The number of disabled young people taking part in Panathlon events topped 10,000 for the first time in the 2015/16 academic year.
More young people with disabilities and special educational needs than ever before got the chance to engage in competitive sport thanks to our ever-expanding calendar of competitions and coaching days.
As Great Britain’s Paralympic team prepares for a fortnight of elite competition in Rio, Panathlon’s continued growth helps ignite a lifelong love of sport among thousands of young disabled people at grass-roots level.
Last year’s grand total of 10,083 young people participating in our programmes was a rise of 35% from the 7,426 of 2014/15, and is close to doubling the 5,373 who took part two years ago.
The 2015/16 highlights included engagement in the programme for deaf students growing by 95% to 903, and the phenomenal success of Primary Panathlon events continuing since their inception three years ago. Demand was up by 65%, with 4,659 children taking part.
Overall, Panathlon staged 242 days of competitions and coaching across England (up from 192 in 2014/15) which involved students from 563 schools (up 25%).
That equates to a staggering 75,400 active hours of sport for disabled young people – a 46% rise from 51,080 in 2014/15.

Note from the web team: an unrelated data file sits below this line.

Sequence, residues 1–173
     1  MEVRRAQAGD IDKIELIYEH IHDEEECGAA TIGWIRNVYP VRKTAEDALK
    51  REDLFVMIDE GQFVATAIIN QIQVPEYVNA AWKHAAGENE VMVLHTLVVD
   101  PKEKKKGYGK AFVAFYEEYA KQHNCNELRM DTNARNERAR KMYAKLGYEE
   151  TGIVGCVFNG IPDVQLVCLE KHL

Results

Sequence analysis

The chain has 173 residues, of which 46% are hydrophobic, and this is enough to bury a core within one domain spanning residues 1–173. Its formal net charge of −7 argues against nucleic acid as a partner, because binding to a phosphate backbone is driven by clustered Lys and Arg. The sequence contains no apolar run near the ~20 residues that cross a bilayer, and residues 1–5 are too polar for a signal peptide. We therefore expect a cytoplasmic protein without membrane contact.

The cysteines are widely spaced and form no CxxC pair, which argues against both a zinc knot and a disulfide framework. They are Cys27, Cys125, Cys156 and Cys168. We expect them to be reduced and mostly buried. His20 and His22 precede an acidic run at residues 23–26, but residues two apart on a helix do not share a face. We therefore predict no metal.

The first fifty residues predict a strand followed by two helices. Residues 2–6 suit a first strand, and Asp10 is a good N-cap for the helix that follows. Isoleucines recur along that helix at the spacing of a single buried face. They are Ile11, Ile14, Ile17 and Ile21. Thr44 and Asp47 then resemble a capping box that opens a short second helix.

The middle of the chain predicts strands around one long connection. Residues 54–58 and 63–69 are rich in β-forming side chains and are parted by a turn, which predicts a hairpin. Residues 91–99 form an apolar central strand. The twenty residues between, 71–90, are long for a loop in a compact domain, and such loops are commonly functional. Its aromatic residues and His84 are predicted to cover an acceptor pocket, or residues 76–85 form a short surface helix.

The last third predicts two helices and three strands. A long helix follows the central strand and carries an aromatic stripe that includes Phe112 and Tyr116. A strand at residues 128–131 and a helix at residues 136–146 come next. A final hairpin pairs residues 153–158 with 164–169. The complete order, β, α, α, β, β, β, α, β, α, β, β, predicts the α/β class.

When adding the 1,590 students who qualified as Panathlon Young Leaders (a rise of 18%), the overall participation figure for the academic year was 11,673.
Coming just months after Sport England’s Active People Survey revealed a drop of almost 20,000 in the number of disabled people over 16 playing sport, Panathlon’s expansion provides hope that the next generation of adults will adopt a sporting habit that lasts a lifetime.
One sport in which Panathlon notably bucks national participation trends is swimming. More and more students are coming to our events at pools across the country, with an increase last academic year of 30% to 785 young people across 18 counties.
Panathlon ambassador Liz Johnson, herself a former Paralympic swimming gold medallist (pictured right), says these figures reflect the galvanising effect that Panathlon’s competitions, coaching and training have on young people’s lives.
“To see the demand for Panathlon increasing is no surprise when you see the effect the events have on young people,” she said.
“Watching them during competitions is just fantastic; it lifts their confidence, expands their skills and makes them realise just what they’re capable of achieving.
“Many of these young people would not otherwise get the opportunity to take part in competitive sport. To see figures go past the 10,000 mark is wonderful news.”
Panathlon gives young disabled people not just the opportunity to take part, but also choices of which sport to try. It enables them to feel that sport can become a meaningful part of their lives, and that a future appearance at the Paralympics might not be an unrealistic dream.
As Richard Chiassario (pictured below and who will compete for Great Britain in Rio in the T54 wheelchair 100m, 400m, 800m and 4x400m relay) commented at a recent Panathlon event: “There was nothing like this available to me when I was a kid. I wish I’d had the opportunity that Panathlon gives these children.”